PwC Consumer Insights Pulse Survey: Consumer behaviour in unexpected times

  • Consumer expectations are shifting as inflation, supply chain obstacles, ESG awareness and a possible recession affect availability, competition and values.

  • Advances in virtual reality and the oncoming metaverse are changing the meaning of ‘omnichannel’.

  • Recent waves of disruption are likely to continue shaping consumer behaviour, even as new waves break.

Still seeing the all-pervasive ‘customers may experience delays’ pop-ups on your favourite online shopping sites? Decreased opening hours signs in local shop windows?

These are messages consumers got used to during the early days of the COVID-19 pandemic as retailers and manufacturers went into self-preservation mode – simplifying supply chains, streamlining product lines and cutting back on customer service. It was a reasonable response to the uncertainty of the crisis, and many customers, struggling with their own COVID-borne life upheavals, understood and accepted that things weren’t operating as usual. 

Two years later, with disruptions ranging from the pandemic, to war, inflation, supply chain problems, energy crises and worker shortages, PwC’s latest Global Consumer Insights Pulse Survey finds customers are beginning to lose patience as companies hesitate to fully re-engage. 

The inflation equation

The vast majority of global respondents to the survey, over 75%, plan to sustain or increase their current levels of spending in the next six months across most categories. Although the survey did not focus on inflation, it’s clear that consumers are aware of its effect, particularly when it comes to groceries. Around half of those surveyed, both globally and in Australia, said they expect to spend more on groceries in the next six months. Non-essentials such as fashion, health and beauty and consumer electronics are on the ‘spend less’ list – something to watch if inflation persists.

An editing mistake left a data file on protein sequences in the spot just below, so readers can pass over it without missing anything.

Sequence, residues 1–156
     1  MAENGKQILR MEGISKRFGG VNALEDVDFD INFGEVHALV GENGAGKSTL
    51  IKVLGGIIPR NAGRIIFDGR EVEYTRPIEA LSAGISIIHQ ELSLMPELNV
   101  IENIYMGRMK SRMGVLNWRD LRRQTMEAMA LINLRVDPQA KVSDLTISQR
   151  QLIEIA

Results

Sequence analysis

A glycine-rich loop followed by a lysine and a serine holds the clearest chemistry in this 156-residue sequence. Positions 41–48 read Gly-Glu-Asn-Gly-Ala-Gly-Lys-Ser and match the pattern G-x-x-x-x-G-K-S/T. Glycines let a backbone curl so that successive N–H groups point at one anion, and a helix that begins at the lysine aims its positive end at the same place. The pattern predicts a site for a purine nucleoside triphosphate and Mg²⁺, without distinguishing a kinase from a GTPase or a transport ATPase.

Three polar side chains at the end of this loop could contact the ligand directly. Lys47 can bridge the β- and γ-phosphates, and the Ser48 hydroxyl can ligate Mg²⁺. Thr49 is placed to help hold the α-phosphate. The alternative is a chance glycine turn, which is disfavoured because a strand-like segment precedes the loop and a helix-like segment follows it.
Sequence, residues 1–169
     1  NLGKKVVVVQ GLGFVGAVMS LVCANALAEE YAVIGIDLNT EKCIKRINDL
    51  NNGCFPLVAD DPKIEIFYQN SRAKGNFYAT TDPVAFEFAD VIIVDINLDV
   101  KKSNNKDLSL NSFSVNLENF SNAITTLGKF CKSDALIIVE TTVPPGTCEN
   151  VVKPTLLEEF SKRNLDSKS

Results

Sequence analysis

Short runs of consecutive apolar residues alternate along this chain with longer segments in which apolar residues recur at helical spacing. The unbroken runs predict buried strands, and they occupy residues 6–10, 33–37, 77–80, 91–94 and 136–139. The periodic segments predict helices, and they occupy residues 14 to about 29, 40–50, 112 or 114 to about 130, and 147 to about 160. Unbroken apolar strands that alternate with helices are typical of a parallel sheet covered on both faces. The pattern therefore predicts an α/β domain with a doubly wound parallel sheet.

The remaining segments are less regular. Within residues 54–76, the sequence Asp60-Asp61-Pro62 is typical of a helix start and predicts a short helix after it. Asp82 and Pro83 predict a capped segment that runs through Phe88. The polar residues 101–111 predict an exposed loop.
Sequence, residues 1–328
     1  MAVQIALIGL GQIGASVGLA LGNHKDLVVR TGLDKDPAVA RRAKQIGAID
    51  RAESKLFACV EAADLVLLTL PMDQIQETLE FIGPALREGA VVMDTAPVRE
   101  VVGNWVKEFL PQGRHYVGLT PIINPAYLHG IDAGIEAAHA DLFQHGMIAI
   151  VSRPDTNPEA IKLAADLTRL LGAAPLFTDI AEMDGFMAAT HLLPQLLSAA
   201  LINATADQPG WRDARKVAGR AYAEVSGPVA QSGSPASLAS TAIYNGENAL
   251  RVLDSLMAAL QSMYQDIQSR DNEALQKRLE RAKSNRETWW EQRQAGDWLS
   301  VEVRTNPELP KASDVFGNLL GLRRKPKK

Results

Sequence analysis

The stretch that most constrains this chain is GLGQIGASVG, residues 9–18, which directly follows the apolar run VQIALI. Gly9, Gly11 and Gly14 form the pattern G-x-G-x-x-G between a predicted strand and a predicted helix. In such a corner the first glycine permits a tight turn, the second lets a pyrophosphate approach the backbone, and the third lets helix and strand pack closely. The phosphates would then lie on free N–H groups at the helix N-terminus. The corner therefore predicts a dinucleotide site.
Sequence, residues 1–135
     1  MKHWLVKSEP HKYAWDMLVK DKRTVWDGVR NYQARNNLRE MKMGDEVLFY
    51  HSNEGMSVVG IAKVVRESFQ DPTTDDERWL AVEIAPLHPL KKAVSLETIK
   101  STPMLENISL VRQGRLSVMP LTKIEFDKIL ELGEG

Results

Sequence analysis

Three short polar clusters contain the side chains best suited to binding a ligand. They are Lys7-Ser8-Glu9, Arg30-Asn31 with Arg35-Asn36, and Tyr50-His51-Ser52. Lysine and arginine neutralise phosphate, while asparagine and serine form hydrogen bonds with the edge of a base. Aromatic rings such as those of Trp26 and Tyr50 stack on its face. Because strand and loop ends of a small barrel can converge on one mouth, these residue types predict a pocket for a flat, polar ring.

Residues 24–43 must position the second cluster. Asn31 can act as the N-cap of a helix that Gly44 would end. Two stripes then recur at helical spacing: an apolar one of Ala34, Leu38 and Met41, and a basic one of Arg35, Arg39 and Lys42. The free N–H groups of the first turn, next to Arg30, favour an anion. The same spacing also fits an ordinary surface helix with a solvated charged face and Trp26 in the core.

No-supply chain

Supply chain obstacles are continuing to limit consumer choice and making it more likely for them to comparison-shop across retailers and channels. One in four global respondents said they were willing to pay more for what they wanted (in Australia, that rose to 1 in 3), but in both cases, just as many were willing to wait or go without. Additionally, shopping behaviour in-store has changed, with consumers experiencing longer queues and unavailability of products. When shopping online, more than 40 percent of global respondents say they are being impacted by longer delivery times and out of stock products (ranked in the top three). In Australia, the situation is reportedly worse, with 44 percent reporting longer delivery times, and over half saying products being out of stock is impacting their purchasing. Unsurprising, therefore, is the finding that Australian consumers are the most likely to report being affected by supply chain barriers.

Think local and ESG-friendly

Where and how products are made matters. Globally, and in Australia, 8 out of 10 respondents say they have some willingness to pay more for products produced locally or domestically. Most of these want to support their local economies, and around a third to support their country (global, 35 percent; Australia, 28 percent). ESG factors are also continuing to affect shopping behaviours, with millennials and Gen Z significantly more likely to keep them in mind when purchasing. All ESG factors – governance, social and environmental – seem to affect trust and advocacy, with around half of those surveyed saying it affects their trust in a company or brand, and the likelihood they will recommend it to others. Paying a fair share of taxes is a major influencing factor for 36 percent of global consumers and 39 percent of Australian consumers, as is admitting past mistakes (global 41 percent ; Australia, 46 percent).